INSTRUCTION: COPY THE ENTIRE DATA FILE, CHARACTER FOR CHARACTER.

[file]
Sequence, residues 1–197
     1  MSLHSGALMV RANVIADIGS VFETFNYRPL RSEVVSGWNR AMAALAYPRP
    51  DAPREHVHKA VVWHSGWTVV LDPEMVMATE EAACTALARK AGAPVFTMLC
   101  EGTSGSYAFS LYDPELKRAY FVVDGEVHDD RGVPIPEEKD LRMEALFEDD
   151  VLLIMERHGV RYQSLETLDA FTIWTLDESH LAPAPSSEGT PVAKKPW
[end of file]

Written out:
Sequence, residues 1–197
     1  MSLHSGALMV RANVIADIGS VFETFNYRPL RSEVVSGWNR AMAALAYPRP
    51  DAPREHVHKA VVWHSGWTVV LDPEMVMATE EAACTALARK AGAPVFTMLC
   101  EGTSGSYAFS LYDPELKRAY FVVDGEVHDD RGVPIPEEKD LRMEALFEDD
   151  VLLIMERHGV RYQSLETLDA FTIWTLDESH LAPAPSSEGT PVAKKPW